4th Answer - That's business. Either lower the price, or cancel the offer. At least this way very little time and money gets spent on creating a product that no one wants to buy. It ain't a perfect system but at least the feedback comes from the actual consumers rather than some intermediate businessman whose only purpose is to sell eyeballs for advertising dollars.

Re:Fair compensation in a digital world (1)

morgan_greywolf (835522) | more than 6 years ago | (#21576445)

The problem with DRM isn't that it keeps people from copying books, software, music, videos, etc. illegally.

The problem with DRM is that it keeps you from doing legitimate things with your legitimately-purchased content.

As it says in TFA, when I go out and buy a book, I can read it on any time schedule I want. I can then loan it a friend to read. Or I can give it to my next door neighbor. I can scan the pages in and produce some greppable text from it. (After all, you can't grep dead trees.) I can auction it off on eBay.

The problem with DRM'd e-books is that I can't do any of the above.

So how do we eliminate DRM and have authors still get compensated?

There are several solutions out there already. You can put the book on a website for download and have people pay what they think is fair, as Radiohead as done with their latest album [digg.com] . We'll see how this works. It probably won't.

Then there's the 'try before you buy model'. In the case of books, You can issue your work under a Creative Commons license and hope that people will pay for a dead tree version if they like it. This is something that Corey Doctorow, Eric Raymond(*) and others have done.

There's the 'let people have it for free and make money off of something else" model. For music, there's the 'we only make money from concerts model' practiced by groups like The Grateful Dead for years, officially or unofficially. For software, examples include Red Hat and Canonical and Zope, which sell support and pretty packaging and consulting services. Doesn't work well for books, it seems. For books, I suppose you could offer the book for free, but sell merchandising such as T-Shirts or coffee mugs or the like, but somehow that seems less then perfect.

I dunno. I don't think it's "DRM or content creators don't get paid". I think there are other ways, but nobody wants to change their business model because the 'selling a box of content' model seems to have worked so well for so long.

(*) esr uses the GNU Free Documentation License, actually.

Re:Fair compensation in a digital world (1)

sckeener (137243) | more than 6 years ago | (#21576485)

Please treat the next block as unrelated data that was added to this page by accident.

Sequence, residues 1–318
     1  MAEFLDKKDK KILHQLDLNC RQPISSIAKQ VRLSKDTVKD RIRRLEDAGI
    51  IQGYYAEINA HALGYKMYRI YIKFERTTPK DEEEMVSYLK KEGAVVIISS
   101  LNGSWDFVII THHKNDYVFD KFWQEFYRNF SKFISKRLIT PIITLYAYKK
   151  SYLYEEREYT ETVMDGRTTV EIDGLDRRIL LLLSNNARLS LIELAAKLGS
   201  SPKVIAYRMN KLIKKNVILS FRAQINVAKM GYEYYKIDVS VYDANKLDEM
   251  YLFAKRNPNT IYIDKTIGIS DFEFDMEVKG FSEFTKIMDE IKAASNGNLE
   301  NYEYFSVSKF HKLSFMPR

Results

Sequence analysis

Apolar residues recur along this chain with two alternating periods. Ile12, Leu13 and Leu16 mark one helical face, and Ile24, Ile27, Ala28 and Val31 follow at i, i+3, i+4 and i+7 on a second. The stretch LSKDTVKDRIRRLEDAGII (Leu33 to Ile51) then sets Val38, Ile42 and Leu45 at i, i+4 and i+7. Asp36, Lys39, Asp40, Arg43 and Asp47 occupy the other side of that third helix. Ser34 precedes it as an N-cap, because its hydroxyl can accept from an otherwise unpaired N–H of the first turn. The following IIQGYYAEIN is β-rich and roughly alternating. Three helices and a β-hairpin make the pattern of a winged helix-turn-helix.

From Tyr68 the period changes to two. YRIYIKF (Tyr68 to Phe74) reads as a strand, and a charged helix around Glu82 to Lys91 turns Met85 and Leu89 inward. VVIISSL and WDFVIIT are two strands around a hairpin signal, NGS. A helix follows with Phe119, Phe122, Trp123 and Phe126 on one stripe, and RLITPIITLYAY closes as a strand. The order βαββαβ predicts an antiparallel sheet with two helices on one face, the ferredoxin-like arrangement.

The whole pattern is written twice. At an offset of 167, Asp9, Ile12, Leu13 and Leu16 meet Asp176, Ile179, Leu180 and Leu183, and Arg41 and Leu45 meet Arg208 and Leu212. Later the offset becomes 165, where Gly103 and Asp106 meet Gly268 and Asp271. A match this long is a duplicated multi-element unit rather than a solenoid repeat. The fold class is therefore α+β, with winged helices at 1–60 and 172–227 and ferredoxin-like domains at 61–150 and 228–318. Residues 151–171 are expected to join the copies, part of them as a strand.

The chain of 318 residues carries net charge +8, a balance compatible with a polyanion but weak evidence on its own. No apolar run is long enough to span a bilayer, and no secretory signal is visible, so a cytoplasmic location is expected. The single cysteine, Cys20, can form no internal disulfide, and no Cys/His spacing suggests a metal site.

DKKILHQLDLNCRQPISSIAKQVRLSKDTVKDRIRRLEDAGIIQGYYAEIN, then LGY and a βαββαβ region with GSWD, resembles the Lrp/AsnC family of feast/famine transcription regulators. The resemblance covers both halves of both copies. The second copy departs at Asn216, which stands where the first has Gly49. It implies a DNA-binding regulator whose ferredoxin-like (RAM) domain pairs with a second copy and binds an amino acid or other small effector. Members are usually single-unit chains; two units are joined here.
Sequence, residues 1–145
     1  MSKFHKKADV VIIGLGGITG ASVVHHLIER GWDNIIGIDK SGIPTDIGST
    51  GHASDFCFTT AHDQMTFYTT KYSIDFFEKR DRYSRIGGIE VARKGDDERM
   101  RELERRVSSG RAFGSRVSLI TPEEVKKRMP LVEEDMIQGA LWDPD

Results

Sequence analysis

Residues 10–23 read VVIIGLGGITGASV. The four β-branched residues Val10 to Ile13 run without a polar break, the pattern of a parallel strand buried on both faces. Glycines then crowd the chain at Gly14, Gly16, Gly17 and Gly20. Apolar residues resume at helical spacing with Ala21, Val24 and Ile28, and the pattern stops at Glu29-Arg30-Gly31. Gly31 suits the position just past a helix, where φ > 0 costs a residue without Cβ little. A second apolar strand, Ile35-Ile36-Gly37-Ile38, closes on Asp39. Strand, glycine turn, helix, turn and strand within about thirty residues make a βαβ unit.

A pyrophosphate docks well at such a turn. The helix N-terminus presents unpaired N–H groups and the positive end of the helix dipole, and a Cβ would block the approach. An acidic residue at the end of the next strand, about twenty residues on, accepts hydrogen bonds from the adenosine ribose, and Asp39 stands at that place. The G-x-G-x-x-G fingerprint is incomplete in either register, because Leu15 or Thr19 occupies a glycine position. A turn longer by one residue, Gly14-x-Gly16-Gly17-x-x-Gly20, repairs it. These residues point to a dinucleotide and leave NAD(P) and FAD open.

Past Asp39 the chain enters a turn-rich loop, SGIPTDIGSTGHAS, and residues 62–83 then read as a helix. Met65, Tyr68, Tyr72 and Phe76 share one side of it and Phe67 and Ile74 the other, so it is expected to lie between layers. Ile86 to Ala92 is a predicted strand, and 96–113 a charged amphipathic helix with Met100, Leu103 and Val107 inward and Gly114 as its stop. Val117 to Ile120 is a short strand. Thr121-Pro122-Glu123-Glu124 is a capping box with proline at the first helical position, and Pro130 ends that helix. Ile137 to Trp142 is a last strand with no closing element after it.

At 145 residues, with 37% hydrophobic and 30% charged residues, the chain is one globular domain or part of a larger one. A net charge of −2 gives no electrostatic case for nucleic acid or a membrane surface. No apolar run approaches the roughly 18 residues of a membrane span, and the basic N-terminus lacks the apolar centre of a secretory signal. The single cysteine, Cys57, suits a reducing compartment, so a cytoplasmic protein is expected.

Successful methods I have seen do the following:

They have a downscaled version that is complete without all the frills that is totally free.

They have premier product that costs money, looks nice, but includes everything that the free version has.

Heck I can even use current libraries as an example. Frequently I've read a book at the library and then turned it around at Christmas time buying the same book for all my friends. The free no frills product above serves the same function...a filter to find the gem products. I will glad pay for quality.

Where's the video? (2, Funny)

Garridan (597129) | more than 6 years ago | (#21575913)

I scrolled to the bottom, and didn't see a video on the page. Does anybody have a link to the video?

I'll consider e-books... (0)

Anonymous Coward | more than 6 years ago | (#21575933)

... when they pass the "can you drop it" test. Books, especially paperbacks are pretty indestructible. Most electronics I've seen have to be taken care of nicely, etc. Also, the battery life of the book's way better, even including the batteries needed to read in the dark.

In other news... (1)

PHAEDRU5 (213667) | more than 6 years ago | (#21575973)

Wal-Mart Joins Amazon to Push Labels to Ditch DRM Once and For All: http://gizmodo.com/gadgets/drm-deathwatch/amazon-and-wal+mart-push-labels-to-ditch-drm-once-and-for-all-329105.php [gizmodo.com]

You can't write this shit.

Re:In other news... (1)

Faylone (880739) | more than 6 years ago | (#21576413)

Well, if anybody can scare the RIAA, it would be Wal-Mart

My hope... (1)

PHAEDRU5 (213667) | more than 6 years ago | (#21576641)

...exactly.

oh noes (1)

Edie O'Teditor (805662) | more than 6 years ago | (#21575989)

Mash-up. For shame. That's the future of reading, right there.

Nerd = luddite. (4, Interesting)

shumacher (199043) | more than 6 years ago | (#21576009)

Many would identify me as a bit of a nerd. I have a moderately low UID, I work in IT, and I have too many features on my cell phone.

Part of the nerd world tends to be life on the "bleeding edge" of technology. While a nerd may not always own the latest and greatest, he or she will tend to at least follow the news and allow that to influence their purchases. They probably got involved in the internet, BBSing, mobile internet, and any number of other technologies before their non-nerd friends.